Jim opened his eyes.

The raft had turned and was heading towards shore. It was skirting past the tip of the Thompson lighthouse and heading towards the Eastern Channel.

Jim crawled over to the carp.

“You’re going the wrong way.”

The carp poked his head out of the water. “The results of your psycho-astrological profile and test came in. I’m afraid you didn’t do so well, Jim.”


“What did you think was happening? Think carefully.”

Jim said nothing for a moment. “This was some sort of a test?”

“I’m not the manifestation of the lighthouse keeper’s ghost. Nor am I a mysterious spirit of the natural world rebelling against an increasingly technological one. You, however, are a result of an unfortunate and extraordinarily difficult combination of astrological placements, conjunctions, and ascendents. Reintegration might be too stressful for you, at the moment.”

“But the ghost — ”

“The ghost?”

Jim paused. “Where will — ”

“The authorities are waiting for you, and more importantly, the tree.”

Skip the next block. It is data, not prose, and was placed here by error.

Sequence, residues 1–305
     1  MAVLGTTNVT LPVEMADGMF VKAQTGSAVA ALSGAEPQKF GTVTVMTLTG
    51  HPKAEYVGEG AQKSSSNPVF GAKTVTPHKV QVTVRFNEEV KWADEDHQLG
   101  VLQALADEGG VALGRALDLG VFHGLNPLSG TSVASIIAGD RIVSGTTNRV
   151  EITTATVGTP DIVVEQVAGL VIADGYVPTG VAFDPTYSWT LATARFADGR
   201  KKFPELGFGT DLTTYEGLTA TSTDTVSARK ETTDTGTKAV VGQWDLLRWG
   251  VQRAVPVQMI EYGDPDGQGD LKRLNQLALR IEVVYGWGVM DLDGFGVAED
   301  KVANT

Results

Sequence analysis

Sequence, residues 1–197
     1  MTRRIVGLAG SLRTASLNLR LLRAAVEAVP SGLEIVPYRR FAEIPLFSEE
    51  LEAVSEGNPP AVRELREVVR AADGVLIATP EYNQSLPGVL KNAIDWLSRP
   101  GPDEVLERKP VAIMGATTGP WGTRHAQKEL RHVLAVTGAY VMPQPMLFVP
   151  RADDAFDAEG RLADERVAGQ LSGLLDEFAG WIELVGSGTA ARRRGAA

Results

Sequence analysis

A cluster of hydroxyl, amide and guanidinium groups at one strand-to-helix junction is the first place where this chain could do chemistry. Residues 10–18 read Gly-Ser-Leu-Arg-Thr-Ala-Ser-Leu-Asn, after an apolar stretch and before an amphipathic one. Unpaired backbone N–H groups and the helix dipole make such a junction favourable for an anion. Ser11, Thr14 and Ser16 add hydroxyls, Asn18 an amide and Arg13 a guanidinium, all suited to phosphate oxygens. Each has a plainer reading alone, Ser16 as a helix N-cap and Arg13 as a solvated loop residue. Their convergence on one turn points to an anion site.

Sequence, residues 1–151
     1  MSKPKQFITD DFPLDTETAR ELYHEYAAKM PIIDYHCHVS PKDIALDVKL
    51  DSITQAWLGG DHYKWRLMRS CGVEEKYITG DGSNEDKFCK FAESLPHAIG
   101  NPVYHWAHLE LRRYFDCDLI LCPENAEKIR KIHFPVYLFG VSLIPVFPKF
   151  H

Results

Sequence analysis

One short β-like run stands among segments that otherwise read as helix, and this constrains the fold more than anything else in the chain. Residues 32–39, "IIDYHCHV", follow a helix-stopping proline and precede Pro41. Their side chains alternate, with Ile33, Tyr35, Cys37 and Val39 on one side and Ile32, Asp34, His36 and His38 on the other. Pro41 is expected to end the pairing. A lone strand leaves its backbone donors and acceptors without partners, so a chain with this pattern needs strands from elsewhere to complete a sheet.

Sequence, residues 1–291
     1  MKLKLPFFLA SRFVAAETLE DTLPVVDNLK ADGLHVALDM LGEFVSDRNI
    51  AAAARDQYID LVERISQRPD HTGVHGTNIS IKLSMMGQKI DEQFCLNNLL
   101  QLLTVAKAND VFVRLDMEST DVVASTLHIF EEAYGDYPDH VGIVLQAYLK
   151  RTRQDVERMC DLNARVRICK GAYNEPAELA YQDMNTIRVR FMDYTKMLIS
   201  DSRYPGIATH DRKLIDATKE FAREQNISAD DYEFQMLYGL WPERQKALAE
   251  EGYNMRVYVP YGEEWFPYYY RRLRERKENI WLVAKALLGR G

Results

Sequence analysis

Jim undid the ropes and lifted the carp out of the water.

They were drifting just at the mouth of the channel. Not too far off in the distance, two boats festooned with blinking red and blue lights were approaching them.

Jim ran his hand over the shiny glistening body and found something. He pushed a golden scale upwards and turned the tiny switch that was located against the body. A long panel across the body flipped open, revealing wires, coils, tiny bone-like shafts, and rotors all surrounding a dozen D batteries laid end-to-end in two rows.

“They’re here,” Rasmus stated.

Jim closed the panel and sat down against the base of the tree cradling the carp/automat.

The tugboat came alongside the raft with the police boat on the other side. A searchlight was slowly crawling over the raft.

“When did the test begin? What was I supposed to do?” Jim asked, shielding his eyes.

“I don’t know, but not this,” the carp/automat answered.

“I want to try again. Can I reapply?”

“I don’t know.”

They were being towed away with the police boat following.

“What’s going to happen to me?” Jim asked the carp/automat.

“I don’t know.”

“We could really do with a magical wish-granting lake sturgeon,” Rasmus said, with a sigh.

There were many people, all in yellow Hazmat suits, waiting for them at the pier.

About Paul Hong